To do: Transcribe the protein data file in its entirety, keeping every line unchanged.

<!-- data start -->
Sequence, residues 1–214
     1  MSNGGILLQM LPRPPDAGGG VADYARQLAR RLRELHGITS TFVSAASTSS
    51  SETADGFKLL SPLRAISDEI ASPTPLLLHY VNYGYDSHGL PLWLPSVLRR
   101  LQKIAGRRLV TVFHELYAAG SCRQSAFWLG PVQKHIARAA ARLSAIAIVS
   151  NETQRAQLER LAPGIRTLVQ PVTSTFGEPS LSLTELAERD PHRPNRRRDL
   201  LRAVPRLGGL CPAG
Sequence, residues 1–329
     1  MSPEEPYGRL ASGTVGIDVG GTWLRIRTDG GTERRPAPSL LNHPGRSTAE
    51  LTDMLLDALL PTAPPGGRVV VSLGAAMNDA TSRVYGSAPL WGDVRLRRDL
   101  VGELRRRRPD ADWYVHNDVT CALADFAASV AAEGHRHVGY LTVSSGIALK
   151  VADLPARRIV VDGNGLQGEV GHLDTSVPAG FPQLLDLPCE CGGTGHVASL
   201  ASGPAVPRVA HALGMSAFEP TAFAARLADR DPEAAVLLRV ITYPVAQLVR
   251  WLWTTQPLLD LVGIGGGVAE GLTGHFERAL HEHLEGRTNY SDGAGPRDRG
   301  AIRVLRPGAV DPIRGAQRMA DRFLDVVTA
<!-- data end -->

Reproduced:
Sequence, residues 1–214
     1  MSNGGILLQM LPRPPDAGGG VADYARQLAR RLRELHGITS TFVSAASTSS
    51  SETADGFKLL SPLRAISDEI ASPTPLLLHY VNYGYDSHGL PLWLPSVLRR
   101  LQKIAGRRLV TVFHELYAAG SCRQSAFWLG PVQKHIARAA ARLSAIAIVS
   151  NETQRAQLER LAPGIRTLVQ PVTSTFGEPS LSLTELAERD PHRPNRRRDL
   201  LRAVPRLGGL CPAG
Sequence, residues 1–329
     1  MSPEEPYGRL ASGTVGIDVG GTWLRIRTDG GTERRPAPSL LNHPGRSTAE
    51  LTDMLLDALL PTAPPGGRVV VSLGAAMNDA TSRVYGSAPL WGDVRLRRDL
   101  VGELRRRRPD ADWYVHNDVT CALADFAASV AAEGHRHVGY LTVSSGIALK
   151  VADLPARRIV VDGNGLQGEV GHLDTSVPAG FPQLLDLPCE CGGTGHVASL
   201  ASGPAVPRVA HALGMSAFEP TAFAARLADR DPEAAVLLRV ITYPVAQLVR
   251  WLWTTQPLLD LVGIGGGVAE GLTGHFERAL HEHLEGRTNY SDGAGPRDRG
   301  AIRVLRPGAV DPIRGAQRMA DRFLDVVTA